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Where Consumption Meets Sustainability: How 'Generation World' Makes Purchase Decisions
August 27, 2014
Last month my colleague, Trish Wheaton, made a case for why the Sustainability conversation needs to shift from the typical “eco-babble” — high-minded and preachy — into something more relatable and consumer-driven. She describes “a new global vanguard of consumers with co-existing values and traits [who] care about the planet and ... love to shop” as the new group around which to shape the sustainability narrative.
Who are these consumers? I took a deeper dive to define their values, and discover what marketers and sustainability officers can do to better connect with them.
Who is “Generation World?”
Generation World™ makes up close to 29 percent1 of the population, and is a global group, equally likely to be found in Brazil, the US or China. They are highly connected, age-defying, border-agnostic individuals who love to consume just as much as they love the Earth and their fellow man, too.
Because Gen W loves to shop, they’re every marketer’s dream. But Gen W is also high maintenance: They hold brands to a much higher standard than others, making it more difficult to uniquely capture their attention and drive them to consider, try and ultimately love a brand.
How can brands connect with Gen W’s values and ambitions?
We find that regardless of where Generation World-ers come from, they value similar things. Helpfulness, duty, environmentalism, meaning in life and creativity are guiding principles, while power, status and self-indulgence are not; in these values they stand out significantly vs. their non-Gen World peers.
Gen Wers are also:
- Ridiculously connected: they are more than twice as likely2 as the general population to say “social networking websites are an important way I stay in contact with people” and that “the first thing I do when I have news to share with others is update my social networking profile.”
- Trendy: They say “friends would describe me as into the latest technology” and “like keeping up-to-date with current styles and I am fashion conscious (50 percent and 31 percent more likely to agree than the general population)
Relationship-driven: They are not “willing to sacrifice time with family in order to get ahead,” and convinced that “how I spend my time is more important than how much money I make.” (101 percent and 39 percent more likely to agree than the general population)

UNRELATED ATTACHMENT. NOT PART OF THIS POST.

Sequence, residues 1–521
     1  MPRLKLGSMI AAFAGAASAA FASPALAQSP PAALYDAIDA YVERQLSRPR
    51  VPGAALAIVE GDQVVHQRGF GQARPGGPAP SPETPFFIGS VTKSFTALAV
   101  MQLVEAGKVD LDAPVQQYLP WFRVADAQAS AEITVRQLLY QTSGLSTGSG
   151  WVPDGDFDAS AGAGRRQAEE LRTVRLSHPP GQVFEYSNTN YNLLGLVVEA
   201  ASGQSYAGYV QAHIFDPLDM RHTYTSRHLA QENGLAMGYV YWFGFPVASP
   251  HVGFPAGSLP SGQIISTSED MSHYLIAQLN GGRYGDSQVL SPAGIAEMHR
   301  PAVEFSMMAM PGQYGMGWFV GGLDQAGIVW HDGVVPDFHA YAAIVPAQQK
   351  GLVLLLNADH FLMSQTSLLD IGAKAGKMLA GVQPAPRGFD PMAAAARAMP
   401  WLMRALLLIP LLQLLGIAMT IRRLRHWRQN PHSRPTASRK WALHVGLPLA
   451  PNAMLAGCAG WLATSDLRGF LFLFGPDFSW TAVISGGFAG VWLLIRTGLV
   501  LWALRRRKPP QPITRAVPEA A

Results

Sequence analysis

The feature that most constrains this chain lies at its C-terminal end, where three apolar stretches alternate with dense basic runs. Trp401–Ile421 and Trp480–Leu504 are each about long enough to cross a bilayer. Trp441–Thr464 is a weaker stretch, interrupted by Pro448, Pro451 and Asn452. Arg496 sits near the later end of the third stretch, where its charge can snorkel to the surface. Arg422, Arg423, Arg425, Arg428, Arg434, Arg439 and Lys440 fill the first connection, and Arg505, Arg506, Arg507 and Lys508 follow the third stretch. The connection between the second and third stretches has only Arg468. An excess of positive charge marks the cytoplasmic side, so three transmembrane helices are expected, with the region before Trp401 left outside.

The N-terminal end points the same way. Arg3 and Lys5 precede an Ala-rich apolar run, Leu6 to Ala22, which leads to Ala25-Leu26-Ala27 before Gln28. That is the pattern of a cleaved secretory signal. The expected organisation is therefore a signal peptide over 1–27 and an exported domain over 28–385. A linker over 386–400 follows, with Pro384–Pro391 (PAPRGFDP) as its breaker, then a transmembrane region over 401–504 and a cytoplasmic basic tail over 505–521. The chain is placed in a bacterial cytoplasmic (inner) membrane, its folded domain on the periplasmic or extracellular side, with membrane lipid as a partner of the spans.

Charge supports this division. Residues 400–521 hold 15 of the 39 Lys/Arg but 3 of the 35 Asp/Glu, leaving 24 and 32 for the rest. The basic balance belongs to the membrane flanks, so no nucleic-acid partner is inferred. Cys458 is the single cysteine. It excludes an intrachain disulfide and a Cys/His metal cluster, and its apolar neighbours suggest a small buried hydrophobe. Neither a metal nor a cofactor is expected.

- Adventurous: They “enjoy getting involved in new and unusual situations” (27 percent more likely to agree than the general population)
Although Gen W may not be willing to admit their self-indulgence, they are more than happy to makes purchases for themselves when, similar to BBMG’s Aspirationals demographic, their decisions lineup with a greater purpose and have an impact on the world around them. They are thus:
- Discerning: they “like buying from companies that have a purpose that makes a difference in the world” and “willing to pay more for organic products” (27 percent and 47 percent more likely to agree than the general population)
- Shoppers: they “love to shop” and disagree that “these days, I shop less often than I used to” (29 percent and 22 percent more likely to agree than the general population)
What are Gen Wers looking for in the brands they love and buy?
We know the characteristics that marketers can incorporate into their brand message to resonate more deeply with Generation World. What values can these same marketers reflect to create kinship with this group, and what rallying cries should tactical strategies be built around?
An analysis of 3,500 brands using BAV’s BrandAsset Valuator database on consumer perceptions points out what all successful brands need: a trustworthy and reliable category leader that provides value, is simple and straightforward, and communicates with customers in an authentic, down-to-earth way will win with the general audience.
While to succeed with Gen W brands still need to meet all the criteria above, when this same analysis is repeated with them, the story shifts in an interesting way, with significant implications for how marketers should be communicating with this very valuable group.
Gen W cares significantly more about brands being forward-Looking (BAV attributes Innovative, Progressive, Intelligent and Visionary); they also will choose brands that are more Full of Life (Friendly, Social, Fun). These attributes are on average 26 percent2 more important for driving brand preference among this audience.
What does it all mean?
Generation World’s propensity for both shopping and global citizenship is great news for responsible brands, as a narrative centered on sustainability not only gives brands credit on a lot of the attributes that Gen Wers are looking for (especially in being Forward Looking), but also checks the values box, helping Gen W live out their guiding principles of helpfulness, environmentalism and meaning.
This is an incentive for marketers and sustainability officers to work together to craft messaging around their brand, and to prove out a brand’s value both as a global citizen and as a cool thing to buy.
Trish said it so well a few weeks ago: companies need to start appealing to people as consumers first, citizens second by keeping in mind the reasons people buy things. Generation World™ buys to express their unique values — and through that can help make Sustainability a table-stake in the world of consumption.